VBS’, Vit-Buckle Society, annual meeting attendance has grown year after year for the last six years. VBS started as a small dinner meeting at ASRS and now, host their annual meeting at a large venue with a world-renowned retina faculty. The ongoing commitment of VBS’ Executive Committee is unprecedented. This year’s program agenda is superb and holds true to their meeting formula for success that innovation is key. VBS V will be in Las Vegas starting on Thursday, April 6 – Saturday, April 8. Live surgery will be one of the 2017 VBS cornerstones featuring surgical platforms and will include 3D technology. Drs. Victor H. Gonzalez, David G. Miller, Kirk H. Packo and Joachim van Calster will be operating.
The VBS Executive Committee will again lead interactive discussions from IOL Gymnastics: Getting the Job Done Right to the first Women Drivers Panel. A favorite are the Keynote Lectures with Dr. Dean Eliott, VBS Lifetime Mentorship Award, and Dr. Maria H. Berrocal interviewed by John W. Kitchens, MD. RetinaLink met with VBS Executive Committee members, Drs. Thomas A. Albini, Audina M. Berrocal, R.V. Paul Chan and Charles C. Wykoff at the Retina World Congress in Fort Lauderdale to get their perspective on this year’s meeting.
RetinaLink (RL): VBS has increased their attendance each year over the last six years. What do you attribute this success to?
Drs. Albini, Berrocal & Chan: We attribute VBS’ success to changing the meeting format each year. It’s never the same meeting ~ innovation is truly the key. We incorporate many components, wet labs, live surgery and retina luminaries. All of these are paramount to our success. This year we will host women’s breakfast and Genentech will sponsor 20 retina fellows through a travel grant.
RL: How does VBS continue to grow and not lose the ability to incorporate and encourage interactive discussions?
Dr. Albini: We encourage our speakers to deliver their presentation and then, listen to ensure we engage the audience. It’s a practical format that really works for everyone.
Dr. Wykoff: The open discussion format of VBS is unique. Our ongoing objective is to maximize audience participation and we constantly consider how to make it better. But, we are at a critical junction. As the annual VBS meeting grows, it becomes more of a challenge to maintain the ability to interact. Granularity can diminish as the meeting attendance increases. However, the VBS Executive Committee continues to actively consider how to maintain that small-meeting feel where everyone is welcome to engage and try innovative ways to maximize engagement.
RL: As an Attending Physician, why would you encourage your Fellows to attend VBS?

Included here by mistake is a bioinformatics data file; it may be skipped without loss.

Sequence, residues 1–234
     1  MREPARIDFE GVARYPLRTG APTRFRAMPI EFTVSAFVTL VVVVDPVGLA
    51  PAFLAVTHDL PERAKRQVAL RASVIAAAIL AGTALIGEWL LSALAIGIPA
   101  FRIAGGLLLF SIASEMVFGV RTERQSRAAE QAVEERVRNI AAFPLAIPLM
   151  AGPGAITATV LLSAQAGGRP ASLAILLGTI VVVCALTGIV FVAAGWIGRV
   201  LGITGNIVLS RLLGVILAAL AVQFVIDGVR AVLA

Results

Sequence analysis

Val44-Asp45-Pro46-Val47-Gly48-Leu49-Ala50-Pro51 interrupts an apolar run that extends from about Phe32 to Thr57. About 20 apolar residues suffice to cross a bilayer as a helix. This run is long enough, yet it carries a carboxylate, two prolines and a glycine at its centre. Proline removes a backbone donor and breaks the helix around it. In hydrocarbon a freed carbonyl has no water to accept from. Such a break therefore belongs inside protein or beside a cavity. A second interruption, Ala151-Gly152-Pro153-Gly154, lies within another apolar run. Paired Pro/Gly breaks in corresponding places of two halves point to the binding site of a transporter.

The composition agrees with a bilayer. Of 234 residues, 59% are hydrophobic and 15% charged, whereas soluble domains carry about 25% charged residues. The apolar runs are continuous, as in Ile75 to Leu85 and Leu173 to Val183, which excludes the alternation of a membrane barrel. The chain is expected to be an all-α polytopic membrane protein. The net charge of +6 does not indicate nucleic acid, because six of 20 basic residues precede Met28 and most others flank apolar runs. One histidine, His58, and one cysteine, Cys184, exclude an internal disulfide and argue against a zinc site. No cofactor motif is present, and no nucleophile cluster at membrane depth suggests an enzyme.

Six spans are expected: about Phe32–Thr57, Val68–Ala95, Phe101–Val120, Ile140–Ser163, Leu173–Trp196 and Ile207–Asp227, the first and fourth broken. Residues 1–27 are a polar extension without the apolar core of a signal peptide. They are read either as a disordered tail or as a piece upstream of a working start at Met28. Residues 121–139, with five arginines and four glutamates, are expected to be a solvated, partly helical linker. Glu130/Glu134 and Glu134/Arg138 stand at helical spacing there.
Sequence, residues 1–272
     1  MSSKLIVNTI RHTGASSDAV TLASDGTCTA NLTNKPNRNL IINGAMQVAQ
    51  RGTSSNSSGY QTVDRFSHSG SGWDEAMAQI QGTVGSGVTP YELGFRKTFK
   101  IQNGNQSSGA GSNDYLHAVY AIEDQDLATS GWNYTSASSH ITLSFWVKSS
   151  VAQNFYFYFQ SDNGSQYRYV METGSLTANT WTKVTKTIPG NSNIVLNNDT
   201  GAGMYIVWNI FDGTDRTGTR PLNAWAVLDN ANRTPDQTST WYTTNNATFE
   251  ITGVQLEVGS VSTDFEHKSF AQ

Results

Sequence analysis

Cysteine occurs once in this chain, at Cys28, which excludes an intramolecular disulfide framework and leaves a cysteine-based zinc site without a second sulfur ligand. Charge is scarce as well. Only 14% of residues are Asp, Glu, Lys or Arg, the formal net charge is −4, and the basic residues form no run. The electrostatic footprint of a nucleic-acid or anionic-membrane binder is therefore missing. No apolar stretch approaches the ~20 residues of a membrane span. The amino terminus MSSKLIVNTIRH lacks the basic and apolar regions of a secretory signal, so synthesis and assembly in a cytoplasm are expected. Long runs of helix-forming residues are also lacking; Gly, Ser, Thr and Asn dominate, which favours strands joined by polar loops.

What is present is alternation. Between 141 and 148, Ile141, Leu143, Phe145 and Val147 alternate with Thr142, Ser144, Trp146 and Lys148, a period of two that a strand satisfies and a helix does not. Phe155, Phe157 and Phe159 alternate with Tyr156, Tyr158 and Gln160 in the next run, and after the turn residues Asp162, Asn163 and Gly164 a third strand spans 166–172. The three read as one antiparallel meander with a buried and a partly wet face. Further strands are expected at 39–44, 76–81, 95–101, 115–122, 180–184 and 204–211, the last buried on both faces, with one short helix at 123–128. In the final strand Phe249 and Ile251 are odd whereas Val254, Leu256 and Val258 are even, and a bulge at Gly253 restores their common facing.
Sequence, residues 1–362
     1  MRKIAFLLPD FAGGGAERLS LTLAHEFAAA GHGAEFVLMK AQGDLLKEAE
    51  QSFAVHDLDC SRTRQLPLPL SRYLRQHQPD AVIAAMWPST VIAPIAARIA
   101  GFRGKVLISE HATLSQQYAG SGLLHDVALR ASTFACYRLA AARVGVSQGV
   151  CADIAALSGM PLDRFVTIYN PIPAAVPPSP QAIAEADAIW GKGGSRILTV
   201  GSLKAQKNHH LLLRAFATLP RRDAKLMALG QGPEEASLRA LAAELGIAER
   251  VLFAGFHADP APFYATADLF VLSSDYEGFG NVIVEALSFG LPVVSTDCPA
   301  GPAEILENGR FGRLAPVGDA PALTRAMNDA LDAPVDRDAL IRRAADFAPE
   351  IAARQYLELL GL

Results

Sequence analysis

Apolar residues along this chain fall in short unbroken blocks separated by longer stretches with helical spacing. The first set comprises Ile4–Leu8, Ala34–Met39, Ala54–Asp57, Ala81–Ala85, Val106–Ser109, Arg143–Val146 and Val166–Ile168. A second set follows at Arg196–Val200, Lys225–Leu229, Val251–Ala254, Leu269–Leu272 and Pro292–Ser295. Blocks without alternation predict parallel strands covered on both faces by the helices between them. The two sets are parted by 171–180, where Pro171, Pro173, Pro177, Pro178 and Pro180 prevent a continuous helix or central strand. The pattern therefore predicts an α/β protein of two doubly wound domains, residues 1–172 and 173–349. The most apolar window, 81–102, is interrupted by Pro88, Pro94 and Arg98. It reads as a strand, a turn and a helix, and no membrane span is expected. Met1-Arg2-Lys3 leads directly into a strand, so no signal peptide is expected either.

Drs. Albini, Berrocal and Chan: VBS’ Executive Committee embraces an attitude that we learn from each other. Sharing new techniques or a better way to suture IOL’s is the reality of operating. Your day will not always be perfect and understanding how to work towards to best surgical resolution is key especially for younger retina specialists starting their career. We, the VBS Executive Committee, ensure all the faculty and VBS attendees are respectful of young surgeons and discussing various complications. You don’t want to feel as though your question is not important. Dr. Berrocal added, “we want to understand complications to highlight best practices” and “there’s not a right answer, there are numerous answers,” according to Dr. Albini.
RL: As a mentor to Fellows, what is one pearl you would now offer?
Dr. Wykoff: VBS is “real world retina.” We discuss what you see and do every day in clinic and the OR and how to improve. While VBS is a surgically-oriented meeting, we cover medical-retina controversies as well. Anything in the retina world is fair game. We encourage everyone to talk and share their experiences and constructively challenge each other. “I’m regularly impressed how open people are,” added Dr. Wykoff.
RL: So, what’s new for VBS V? Different format? What is the differentiator from 2016?
Drs. Albini, Berrocal and Chan: The differentiator for VBS V is we will be hosting an industry lunch, Retina Marketplace. The Executive Committee will be in attendance and it will provide an opportunity to navigate the retina marketplace better and what industry provides to retina specialists. We always incorporate new speakers and strive to create a “new” meeting room. This is achieved by stage placement and seating for the audience. It’s important to have “intimacy” so the audience feels close to the faculty and ultimately, a conversational environment is established so we can all learn from each other.
Dr. Wykoff: Live surgery is certainly a differentiator of VBS. We are also having a special mini session for IOL’s with Drs. M. Ali Khan, Derek Kunimoto, Mark K. Walsh and George A. Williams. Our surgical complications session led by Andy Schimel, MD is always a crowd-pleaser, really offering the audience an opportunity to interact.
We look forward to seeing you in Las Vegas.
To register for VBS V, click on vitbucklesociety.org
Dr. Thomas Albini can be reached via e-mail – email@example.com. Dr. Audina Berrocal can be reached via e-mai firstname.lastname@example.org. Dr. R.V. Paul Chan can be reached via e-mail – email@example.com. Dr. Charles Wykoff can be reached via e-mail – firstname.lastname@example.org
Featured photo (L to R): Audina M. Berrocal, MD, John W. Kitchens, MD, R.V. Paul Chan, MD, Charles C. Wykoff, MD, William S. Tasman, MD, Mrs. Alice Lee Tasman, Harry W. Flynn, Jr., MD, Geeta A. Lalwani, MD, Thomas A. Albini, MD, R. Ross Lakhanpal, MD, Derek Kunimoto, MD and Charles W. Mango, MD